As a producer, I’ve experienced two personalities with actors: the audition personality, and the on-set or after-booking-the-job personality. The first is a breeze to work with: friendly, approachable, polite, and professional. The second, not so much. This one, once stepping on set, somehow magically transforms into an entitled, disinterested, lazy, often rude individual who now considers it a burden to actually be there. All from the same actor. This is one of the main reasons an actor’s behavior in an audition room carries very little weight with me. So I thought I’d put together a few tips for appropriate on-set behavior for actors from the standpoint of not only a producer, but really the entire production team.
1. Be a team player.
I’ve had actors arrive on set with their first question to me being, “What time do we wrap?” Not a horrible question, but when it’s the very first one, it can tend to set a tone. Next, a resistance to cooperate, like filling out basic paperwork or deflecting responsibly. This is understandable on a major contract, but for simple, standard releases, it can immediately put a damper on production. Another issue is showing up looking like they’ve just rolled out of bed, assuming there is a staff of 20 to take care of them. Sure, sometimes this is the case. But to assume so and not even put in an effort is just not professional or respectful to others. When you come to work prepared and with a good attitude, things go better for everyone. You’re on a team, and it’s just as much your responsibility as the director, producer or caterer, to help create a positive and cooperative environment.
2. Know the industry you’re working in.
This is not meant to say that you should have a master’s degree in cinematography. But you should know the basics and how things work as a whole. The position of the actor is a valuable one, and movies could not be made without them. But it’s only one of many of the jobs, all of which are required for a set to function at all. Take some time to educate yourself on key positions: What does a gaffer do and what do they need from you to make their job easier? Why is it important to know your lines and be prepared and present when shooting? How does this affect the the script supervisor? What does a 1st AC do? What does a set designer do? Having some knowledge of the many parts of the puzzle will help you to be a better actor, and a well respected one too.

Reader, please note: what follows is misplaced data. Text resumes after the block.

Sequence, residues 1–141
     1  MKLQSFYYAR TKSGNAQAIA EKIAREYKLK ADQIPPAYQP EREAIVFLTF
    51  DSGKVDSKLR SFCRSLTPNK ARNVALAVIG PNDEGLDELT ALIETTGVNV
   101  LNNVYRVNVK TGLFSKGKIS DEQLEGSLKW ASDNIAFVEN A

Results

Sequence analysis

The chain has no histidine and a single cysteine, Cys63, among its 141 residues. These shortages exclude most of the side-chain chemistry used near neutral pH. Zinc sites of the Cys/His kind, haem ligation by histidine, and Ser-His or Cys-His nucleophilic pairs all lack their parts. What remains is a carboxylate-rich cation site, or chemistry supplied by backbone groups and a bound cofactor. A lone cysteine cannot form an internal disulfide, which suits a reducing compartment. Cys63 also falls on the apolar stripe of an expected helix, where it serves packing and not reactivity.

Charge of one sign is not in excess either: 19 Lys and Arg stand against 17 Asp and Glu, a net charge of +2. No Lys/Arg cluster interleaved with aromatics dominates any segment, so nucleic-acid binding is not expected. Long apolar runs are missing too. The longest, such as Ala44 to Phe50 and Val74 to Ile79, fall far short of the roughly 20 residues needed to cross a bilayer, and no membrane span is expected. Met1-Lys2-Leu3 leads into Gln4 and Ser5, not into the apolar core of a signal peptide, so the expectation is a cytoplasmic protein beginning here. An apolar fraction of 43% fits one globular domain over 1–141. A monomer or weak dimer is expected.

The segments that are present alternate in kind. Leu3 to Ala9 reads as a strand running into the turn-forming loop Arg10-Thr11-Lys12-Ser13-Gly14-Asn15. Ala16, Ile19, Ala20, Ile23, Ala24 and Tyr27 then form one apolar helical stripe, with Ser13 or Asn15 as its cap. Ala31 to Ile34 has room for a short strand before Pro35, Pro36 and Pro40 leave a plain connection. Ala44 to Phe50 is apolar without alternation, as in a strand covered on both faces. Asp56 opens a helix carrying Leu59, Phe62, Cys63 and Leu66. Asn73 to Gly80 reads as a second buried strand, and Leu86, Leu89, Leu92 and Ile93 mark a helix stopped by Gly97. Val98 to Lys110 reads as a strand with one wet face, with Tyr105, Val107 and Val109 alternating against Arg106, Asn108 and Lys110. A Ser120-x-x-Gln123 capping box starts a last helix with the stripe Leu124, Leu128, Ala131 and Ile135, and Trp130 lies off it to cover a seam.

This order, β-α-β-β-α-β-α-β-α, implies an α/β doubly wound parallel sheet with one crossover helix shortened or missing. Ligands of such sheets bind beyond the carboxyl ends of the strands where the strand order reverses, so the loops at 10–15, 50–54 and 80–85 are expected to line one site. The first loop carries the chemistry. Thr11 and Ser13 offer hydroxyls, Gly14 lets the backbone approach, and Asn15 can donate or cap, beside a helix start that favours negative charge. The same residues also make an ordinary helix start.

3. Be nice.
Whether you are working on a non-union web series or a with multi-million dollar film, the value of being nice should not be underestimated. I’ve seen all kinds of talent, from background extras to top-billed stars, be replaced or deliberately not hired again for having a bad attitude or exhibiting some form of unpleasant behavior on set. Producers and directors spend a lot of time with each other and the actors they hire, and they are more likely to want to work with you again if you’re a person they enjoy spending their time with.
4. Be prepared.
It’s not enough to just know your lines when you arrive on set; you should know much more if you expect to be able to do a good job. Who is your character? What world is the project set in? What timeframe and what genre? What is your character’s relationship with the rest of the cast? Who is the director you’re working with? What is their style and what work have they done before? Preparing yourself with this sort of information will help you to get the job done and will also instill a great deal of confidence in you.
5. Have fun and be light.
The hours on set can be long. You might get tired. Others around you might get moody. It happens. And if this goes on day after day, it can really begin to take its toll. Maintaining a lighthearted attitude can be enormously helpful. And if others are feeling the weight of the day, you’d be surprised how it can affect them too. Contribute to an upbeat environment. Have fun! After all, you’re working in an industry that is unlike any other –and it’s something to be grateful for and enjoyed.
Puerto Rican-born Producer Sevier Crespo has worked with such Hollywood heavyweights as Michael Mann and Jerry Bruckheimer. He studied production at UCLA and learned the ropes under the tutelage of Robert Townsend and director Sam Bayer at Ridley Scott’s RSA USA, Inc. Sevier has since gone on to work with such global brands as Adidas, Coca-Cola, Nike, Marlboro, Mitsubishi, NBC, and Netflix – to name a few. Tapping back into his latin roots, Sevier has worked alongside Danny Trejo in the comedy “Pendejo” and the upcoming feature “Deceived” (2017). For more information on Sevier, please visit seviercrespo.com.
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